Kochi, Aug. 12: A giant grey hull with a flared ski-jump at its head slid slowly backwards from a dock in the Cochin Shipyard here this afternoon and India immediately claimed it was one of only five countries capable of building an aircraft carrier.
The carrier is only a shell of the vessel it promises to be but defence minister A.K. Antony’s wife Elizabeth formally named it the Indian Naval Ship Vikrant, in keeping with a naval tradition in which only women launch warships.
The Vikrant is designed to house 20 aircraft that will include MiG29K and LCA Tejas (navy) combat jets and a variety of helicopters when, if the builders can stick to timelines, it is commissioned into service in 2018.
Estimated to cost about Rs 20,000 crore, the Vikrant is referred to in official files as the Indigenous Aircraft Carrier-I (plans for a second carrier are on the drawing board).
Although America, Britain, Russia and France have been regular builders of aircraft carriers, China has recently acquired one after re-jigging a carrier bought from Russia. India is building the Vikrant from scratch.
Only three aircraft carriers are being built in the world today — USS Gerald R. Ford by the US which is slated to be operational in 2016, HMS Queen Elizabeth which is scheduled to go into trials in 2018, and the Vikrant.
A fourth, INS Vikramaditya (Admiral Gorshkov) is going through sea trials. Antony today said he expected it to be inducted into the naval fleet by the end of the year. Vikramaditya is four years late, its costs having doubled since it was contracted in 2004.
France and Britain have deferred or put on hold plans to build aircraft carriers because of the costs involved.
“We have truly evolved from being a buyer’s navy to a builder’s navy,” the chief of the naval staff, Admiral D.K. Joshi, said.
In undertaking Project-71, India has got technological spin-offs. First, the Steel Authority devised a process to make the warship-grade steel that has gone into the Vikrant.
Second, Cochin Shipyard claims it has perfected three new types of welding processes that hold all the steel together to make the vessel. The steel and the welding processes will be used for all warship production in India from now on. The navy currently has 46 warships on order.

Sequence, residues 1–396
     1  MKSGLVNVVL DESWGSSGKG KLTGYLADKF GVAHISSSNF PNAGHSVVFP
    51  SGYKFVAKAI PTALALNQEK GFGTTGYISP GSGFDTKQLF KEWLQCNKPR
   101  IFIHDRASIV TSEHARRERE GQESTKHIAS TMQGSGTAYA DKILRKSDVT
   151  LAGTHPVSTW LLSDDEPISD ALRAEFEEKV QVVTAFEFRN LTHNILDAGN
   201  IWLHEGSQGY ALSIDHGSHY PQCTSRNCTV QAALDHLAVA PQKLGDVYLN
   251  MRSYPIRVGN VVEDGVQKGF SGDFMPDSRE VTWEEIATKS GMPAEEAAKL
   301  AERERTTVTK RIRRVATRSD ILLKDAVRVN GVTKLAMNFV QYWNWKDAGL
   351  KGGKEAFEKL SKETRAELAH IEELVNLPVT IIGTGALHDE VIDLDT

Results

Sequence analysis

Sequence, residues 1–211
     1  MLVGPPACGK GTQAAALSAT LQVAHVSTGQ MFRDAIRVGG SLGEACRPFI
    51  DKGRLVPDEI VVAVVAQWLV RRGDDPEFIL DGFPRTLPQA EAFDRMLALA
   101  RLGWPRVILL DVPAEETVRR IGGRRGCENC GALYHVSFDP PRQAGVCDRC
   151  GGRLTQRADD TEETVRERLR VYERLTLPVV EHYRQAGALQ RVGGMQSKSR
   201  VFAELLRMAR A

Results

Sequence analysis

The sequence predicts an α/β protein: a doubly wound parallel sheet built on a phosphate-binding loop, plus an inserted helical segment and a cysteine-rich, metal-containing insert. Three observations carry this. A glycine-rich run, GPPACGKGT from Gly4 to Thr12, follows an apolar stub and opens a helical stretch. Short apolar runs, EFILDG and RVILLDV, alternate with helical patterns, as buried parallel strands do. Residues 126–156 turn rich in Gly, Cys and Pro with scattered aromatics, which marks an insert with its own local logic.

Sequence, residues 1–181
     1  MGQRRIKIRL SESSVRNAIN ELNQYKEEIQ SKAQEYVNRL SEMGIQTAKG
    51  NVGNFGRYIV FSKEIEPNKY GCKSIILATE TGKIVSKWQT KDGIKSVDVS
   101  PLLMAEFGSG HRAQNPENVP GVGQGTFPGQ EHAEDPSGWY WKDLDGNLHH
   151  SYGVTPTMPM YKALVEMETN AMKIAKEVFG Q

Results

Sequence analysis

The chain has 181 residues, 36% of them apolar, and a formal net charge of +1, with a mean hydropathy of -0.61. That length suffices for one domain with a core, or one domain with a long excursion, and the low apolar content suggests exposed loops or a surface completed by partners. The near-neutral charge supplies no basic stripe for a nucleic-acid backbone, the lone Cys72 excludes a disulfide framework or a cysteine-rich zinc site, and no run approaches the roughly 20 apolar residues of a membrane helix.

“I am not saying that there will never be any more imports,” said Commodore Saibal Sen, project director. “But from here on, if a proposal were to be floated to import a warship, everyone would sit up and ask, ‘Why?’ You will have to have a very good reason.”
India’s navy now operates only one aircraft carrier, INS Viraat, which has been given an extended life through refits. It is more than 50 years old and was originally with Britain’s Royal Navy as HMS Hermes.
As Vikrant (mark II) was sliding down the rails of the Cochin Shipyard dock this afternoon, the original INS Vikrant was being cut up at the naval dockyard in Mumbai. Both the Maharashtra government and the Indian Navy found it too expensive to maintain the carrier as a museum after it was decommissioned in 1997.
The navy ideally wants to have three carriers, one each for the eastern and western seaboards and one in reserve, to maintain its perceived maritime superiority over China. But that is not happening soon. Viraat will be decommissioned by the time Vikrant is ready in 2018.
China’s carrier, the Liaoning, was commissioned into its navy last year. The carrier was bought ostensibly by a resort operator on the plea that it would make a floating casino out of the abandoned Russian ship, Varyag. But the Chinese used the hull of the vessel to make their own carrier four years later.
Chinese defence experts today said the Vikrant’s launch bore “great significance for the Indian navy” because it would allow it to wade into the Pacific Ocean, which China considers its backyard, PTI reported from Beijing.
By then, India’s navy will have already taken the lead over China’s with the Vikramaditya joining the Viraat by the end of this year, Senior Captain Zhang Junshe, vice-president of China’s Naval Research Institute, told the state-run CCTV today.
“Which means that by the end of this year, India will become the only country in Asia to have two aircraft carriers. This will enhance the overall capabilities, especially the power projection capabilities, of the Indian navy,” Zhang said.
He ruled out any race for more carriers in the region but justified India’s and China’s requirement for more carriers. He cited the two countries’ vast coastlines and huge populations and said they needed to defend sea lanes far from home because of their dependence on external trade.
Zhang had earlier told the state-run China Daily that the Vikrant would increase India’s capability to patrol distant oceans and, “along with a reinforced naval strength, will further disrupt the military balance in South Asia”.
The launches of the Vikrant and the Arihant have aroused curiosity and concern in several state-run think tanks in China.
“The new indigenous carrier will further strengthen India’s naval power and also add some bargaining chips with the world’s major military vendors such as Russia,” Wang Daguang, a Beijing-based researcher of military equipment, told China Daily.
Song Xiaojun, a military commentator in Beijing, said the Vikrant uses technology from the 1980s and thus serves as an experiment for India’s navy to set technical standards for future vessels.